A Dark Take On A Dark Topic

An activist fastens his signature written on dolphin-shaped origami on a banner, in protest against the annual slaughter of dolphins in the fishing village of Taiji in Japan, in front of the Japanese embassy in San Jose August 31, 2012. REUTERS/Juan Carlos Ulate

An activist fastens his signature written on dolphin-shaped origami on a banner, in protest against the annual slaughter of dolphins in the fishing village of Taiji in Japan, in front of the Japanese embassy in San Jose August 31, 2012. REUTERS/Juan Carlos Ulate http://www.fashiontimes.com/articles/2094/20140121/japan-dolphin-hunt.htm

 

WARNING: This post is based solely on my views and opinions on the award winning documentary, The Cove. It is a dark take.

My first reactions to The Cove, when I first watched it about a year ago, was utter shock. It was very hard for me to believe such a large scale massacre was occurring in such well known country of the world. I felt very sad, and pitied for the animals, but most of all I felt useless. Nothing I did would really make a difference. A year later, re watching this movie. My feelings and thoughts towards this issue sort of changed. I still believe that this is an issue that should be approached and I think it’s wrong, but only to some degree.

To be honest, the second time I saw The Cove, I thought about The Holocaust. There is a very several grand distinctions between the two but it was a solid comparison when you came to the main arguments. The Japanese argue that they do not see what was so special about dolphins to begin with. This is a good comparison to the way Nazi Germany was Jews. Neither party thought about their victims as significant. Focusing on the Japanese towards the dolphins, there’s some truth to that. Dolphins are seen as special because of the pedestal the human race has put them on. Yes, they are incredibly smart, but so are many different animals (elephants, gorillas, turtles, sharks, whales, crows, etc…). The main difference lies on the entertainment value we have given them. The fact that this is such a big issue when dolphins aren’t even an endangered species could back up this opinion.

Another observation that I found quite interesting was the comparison between dolphins and cows. The Japanese can eat dolphin – falsely advertised – and get entertained by dolphins at the same time. Well we can watch a rodeo and eat a burger at the same time. The differences between the two include the inability to farm dolphins and the lack of entertainment value and sentiment in cows.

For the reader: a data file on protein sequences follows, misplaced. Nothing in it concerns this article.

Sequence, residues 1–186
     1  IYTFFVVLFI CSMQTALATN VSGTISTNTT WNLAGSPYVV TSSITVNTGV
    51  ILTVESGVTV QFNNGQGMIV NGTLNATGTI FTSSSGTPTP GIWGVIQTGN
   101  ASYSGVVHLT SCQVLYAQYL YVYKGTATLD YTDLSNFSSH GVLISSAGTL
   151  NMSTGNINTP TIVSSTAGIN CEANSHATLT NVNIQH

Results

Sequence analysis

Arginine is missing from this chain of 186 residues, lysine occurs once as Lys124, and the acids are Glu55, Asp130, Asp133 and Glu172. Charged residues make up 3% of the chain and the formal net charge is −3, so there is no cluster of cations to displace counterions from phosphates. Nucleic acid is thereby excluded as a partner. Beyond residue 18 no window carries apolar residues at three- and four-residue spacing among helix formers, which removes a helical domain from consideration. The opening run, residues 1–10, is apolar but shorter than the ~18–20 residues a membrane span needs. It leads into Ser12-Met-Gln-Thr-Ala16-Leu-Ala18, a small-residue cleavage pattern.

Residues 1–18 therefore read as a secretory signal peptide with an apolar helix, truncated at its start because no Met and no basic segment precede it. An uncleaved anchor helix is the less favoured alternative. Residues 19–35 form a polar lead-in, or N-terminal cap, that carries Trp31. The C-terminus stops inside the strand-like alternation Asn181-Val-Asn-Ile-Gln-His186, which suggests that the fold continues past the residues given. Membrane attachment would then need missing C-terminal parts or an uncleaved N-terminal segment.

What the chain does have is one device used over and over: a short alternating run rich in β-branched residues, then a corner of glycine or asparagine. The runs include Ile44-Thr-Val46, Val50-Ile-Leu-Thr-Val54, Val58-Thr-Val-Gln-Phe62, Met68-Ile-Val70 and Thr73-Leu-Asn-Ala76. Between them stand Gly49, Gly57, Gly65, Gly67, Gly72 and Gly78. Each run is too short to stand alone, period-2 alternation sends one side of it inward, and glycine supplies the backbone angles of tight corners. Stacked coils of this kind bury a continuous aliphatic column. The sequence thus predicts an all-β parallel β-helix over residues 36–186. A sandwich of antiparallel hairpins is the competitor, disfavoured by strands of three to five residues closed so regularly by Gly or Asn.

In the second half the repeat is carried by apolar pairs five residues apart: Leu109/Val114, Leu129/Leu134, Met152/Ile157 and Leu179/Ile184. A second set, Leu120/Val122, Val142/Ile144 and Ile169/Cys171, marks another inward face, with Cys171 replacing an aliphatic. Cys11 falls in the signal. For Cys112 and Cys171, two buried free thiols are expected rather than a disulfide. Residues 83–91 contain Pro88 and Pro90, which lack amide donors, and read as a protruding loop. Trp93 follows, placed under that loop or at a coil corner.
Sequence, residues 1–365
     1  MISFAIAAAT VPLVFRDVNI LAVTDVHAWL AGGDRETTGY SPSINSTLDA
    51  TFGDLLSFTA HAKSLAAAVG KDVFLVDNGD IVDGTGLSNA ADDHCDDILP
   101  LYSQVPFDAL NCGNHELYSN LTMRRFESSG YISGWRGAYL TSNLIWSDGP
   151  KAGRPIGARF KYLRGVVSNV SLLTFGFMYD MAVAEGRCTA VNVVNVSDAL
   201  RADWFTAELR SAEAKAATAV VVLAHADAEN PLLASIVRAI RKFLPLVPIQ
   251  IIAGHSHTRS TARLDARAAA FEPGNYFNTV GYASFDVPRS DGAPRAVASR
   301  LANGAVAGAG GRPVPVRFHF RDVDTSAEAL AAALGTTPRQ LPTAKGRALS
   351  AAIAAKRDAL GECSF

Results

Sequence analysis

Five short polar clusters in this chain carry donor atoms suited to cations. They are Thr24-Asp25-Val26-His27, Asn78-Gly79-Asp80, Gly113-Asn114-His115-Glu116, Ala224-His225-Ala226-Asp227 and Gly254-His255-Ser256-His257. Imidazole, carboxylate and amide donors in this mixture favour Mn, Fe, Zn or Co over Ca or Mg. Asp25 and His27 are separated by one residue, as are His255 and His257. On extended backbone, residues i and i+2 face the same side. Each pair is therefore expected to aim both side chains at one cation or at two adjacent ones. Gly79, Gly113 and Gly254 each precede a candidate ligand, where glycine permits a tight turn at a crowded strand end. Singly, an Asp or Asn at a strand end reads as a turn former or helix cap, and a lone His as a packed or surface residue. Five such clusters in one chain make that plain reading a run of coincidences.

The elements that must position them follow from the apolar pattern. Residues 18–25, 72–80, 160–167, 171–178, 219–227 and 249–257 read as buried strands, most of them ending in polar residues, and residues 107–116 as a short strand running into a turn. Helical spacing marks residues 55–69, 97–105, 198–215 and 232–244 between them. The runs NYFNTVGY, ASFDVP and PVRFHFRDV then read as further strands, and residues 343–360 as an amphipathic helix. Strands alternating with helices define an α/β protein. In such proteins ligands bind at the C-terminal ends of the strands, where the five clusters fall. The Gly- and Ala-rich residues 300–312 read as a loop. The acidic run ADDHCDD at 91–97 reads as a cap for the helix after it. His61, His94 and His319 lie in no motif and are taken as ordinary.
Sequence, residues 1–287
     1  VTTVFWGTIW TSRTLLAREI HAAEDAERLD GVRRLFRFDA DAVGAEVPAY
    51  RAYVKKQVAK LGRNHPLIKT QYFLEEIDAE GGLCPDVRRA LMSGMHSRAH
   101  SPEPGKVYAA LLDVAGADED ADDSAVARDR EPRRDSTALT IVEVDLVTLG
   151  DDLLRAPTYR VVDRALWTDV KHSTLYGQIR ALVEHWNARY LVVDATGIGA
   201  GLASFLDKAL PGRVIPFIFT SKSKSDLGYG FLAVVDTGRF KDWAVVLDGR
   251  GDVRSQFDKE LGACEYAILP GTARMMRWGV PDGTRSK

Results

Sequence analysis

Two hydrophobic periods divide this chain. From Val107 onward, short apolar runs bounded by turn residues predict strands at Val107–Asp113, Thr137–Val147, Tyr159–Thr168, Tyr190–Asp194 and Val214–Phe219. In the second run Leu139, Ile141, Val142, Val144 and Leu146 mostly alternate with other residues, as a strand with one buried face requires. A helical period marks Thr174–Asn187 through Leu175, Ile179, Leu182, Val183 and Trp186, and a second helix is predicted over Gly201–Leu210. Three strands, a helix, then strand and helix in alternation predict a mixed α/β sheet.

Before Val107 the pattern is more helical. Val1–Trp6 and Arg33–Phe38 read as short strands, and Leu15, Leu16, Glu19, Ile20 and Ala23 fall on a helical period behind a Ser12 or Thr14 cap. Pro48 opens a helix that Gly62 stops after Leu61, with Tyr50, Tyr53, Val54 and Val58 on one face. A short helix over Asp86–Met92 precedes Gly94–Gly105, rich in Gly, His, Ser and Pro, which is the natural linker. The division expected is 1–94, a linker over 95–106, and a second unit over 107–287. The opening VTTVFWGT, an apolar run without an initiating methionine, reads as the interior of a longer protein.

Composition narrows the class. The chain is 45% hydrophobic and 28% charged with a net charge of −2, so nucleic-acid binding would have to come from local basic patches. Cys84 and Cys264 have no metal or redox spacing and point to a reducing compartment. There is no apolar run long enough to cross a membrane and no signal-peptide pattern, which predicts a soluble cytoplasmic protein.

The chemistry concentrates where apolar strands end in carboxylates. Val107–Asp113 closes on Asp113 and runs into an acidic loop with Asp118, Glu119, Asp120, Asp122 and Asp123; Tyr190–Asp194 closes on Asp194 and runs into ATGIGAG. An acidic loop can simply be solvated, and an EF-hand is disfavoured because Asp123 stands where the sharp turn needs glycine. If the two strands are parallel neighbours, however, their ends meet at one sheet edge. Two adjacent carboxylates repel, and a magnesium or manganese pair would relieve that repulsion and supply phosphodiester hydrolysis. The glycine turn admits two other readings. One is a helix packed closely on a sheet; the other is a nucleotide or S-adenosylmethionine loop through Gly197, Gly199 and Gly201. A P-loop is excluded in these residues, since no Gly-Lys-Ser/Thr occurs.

I’m not saying the dolphin slaughter is a good thing, but I feel both parties are being slightly hypocritical. On one hand, we say that dolphin slaughter is wrong yet support the torture they undergo in aquariums and other entertainment establishments. On the other hand, the Japanese defend the issue swearing by tradition and ignorance, but they hide the issue from the public. I believe that you shouldn’t hide something you believe to be right despite what society might think, regardless of the topic or issue at hand.

 

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3 thoughts on “A Dark Take On A Dark Topic

  1. i agree they shouldn’t hide what they are doing if they think its right. especially if it is a cultural thing, then why hide it from their own people?

  2. You raise some really interesting points! I’m not sure the Holocaust comparison is entirely sound, because humans don’t kill other humans just because they’re “not special” — any oppressed racial/ethnic/religious group will be extensively painted as evil or responsible for societal ills to justify what is done to them. I mean, the Japanese did blame dolphins for loss of fish in the ocean, but I don’t know if that’s comparable.

    I also think we romanticize animals we can’t domesticate or don’t see very often. Cows become dumb livestock, while dolphins are beautiful and free and majestic, because we can’t control them. Really, that’s the only difference — cows are very cute, and they can even have best friends (at least according to a Cracked article I read.) Maybe people in Japan have a more casual attitude towards dolphins because they see more dolphins, so they don’t seem as special.

    P.S. I hope it doesn’t seem like I’m picking on you in discussions, you just always say things that make me think so I feel a need to respond. 🙂 It’s not meant in a negative way at all.

  3. cultural differences are so evident some times like what you said about the rodeo and the burger! back home they have cockfights and the looser usually ends up in somebody’s plate…

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